Notre Dame Cathedral in Paris is widely considered to be one of the finest examples of French Gothic architecture. It’s among the largest and most well-known church buildings in the world. Notre Dame de Paris is french for “Our Lady of Paris”. Notre Dame is known for housing Catholicism’s most important relics, including the “Crown of Thorns”, a fragment of the True Cross and one of the Holy Nails. Construction began in 1160, when the cornerstone was laid. Work went on and the remaining elements were completed between 1250 and 1345.
I visit Notre Dame every time I go to Paris. It’s amazing to look at the front of the building and see all of the details in the sculptures that adorn the church. You’re allowed to go inside but the line can be very long. The first year I went to Paris, I went inside but didn’t take any pictures out of respect. You’re also allowed to go up on an upper level and walk out on a small balcony. I didn’t go up to this level but I plan to on my next visit to Paris. The picture below only shows a small part of the sculptures on the front of the church. They are about five and a half to six feet tall.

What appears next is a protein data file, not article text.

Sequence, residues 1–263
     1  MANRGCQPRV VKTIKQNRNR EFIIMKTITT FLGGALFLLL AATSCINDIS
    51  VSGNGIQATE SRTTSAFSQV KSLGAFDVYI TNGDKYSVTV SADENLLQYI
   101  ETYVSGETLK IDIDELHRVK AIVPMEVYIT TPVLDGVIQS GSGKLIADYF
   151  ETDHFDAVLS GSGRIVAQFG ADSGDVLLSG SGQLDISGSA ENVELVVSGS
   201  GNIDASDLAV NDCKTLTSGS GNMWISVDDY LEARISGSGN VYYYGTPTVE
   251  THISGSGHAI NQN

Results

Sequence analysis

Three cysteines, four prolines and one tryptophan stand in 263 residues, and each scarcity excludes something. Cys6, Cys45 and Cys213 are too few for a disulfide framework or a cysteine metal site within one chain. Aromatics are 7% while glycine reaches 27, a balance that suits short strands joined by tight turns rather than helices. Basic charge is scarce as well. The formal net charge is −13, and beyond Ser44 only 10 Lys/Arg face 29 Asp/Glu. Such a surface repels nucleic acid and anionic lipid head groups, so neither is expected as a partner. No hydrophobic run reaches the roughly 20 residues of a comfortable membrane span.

In the 1790’s, Notre Dame was desecrated during the French Revolution and much of its’ religious imagery was damaged or destroyed. A restoration began in 1845 and another restoration and maintenance project began in 1991. The picture below was a selfie I took during one of my winter trips. If you look on the left side of the picture, you can see the scaffolding on the side of Notre Dame. This was during the restoration period that started in 1991.
When thinking of Paris, you can’t help but think of Notre Dame right along with the Eiffel Tower. Paris is one of my most favorite places to visit and I love seeing all of the monuments and historical places every time I go, even though I’ve seen them before.
I hope you have enjoyed reading about Notre Dame.
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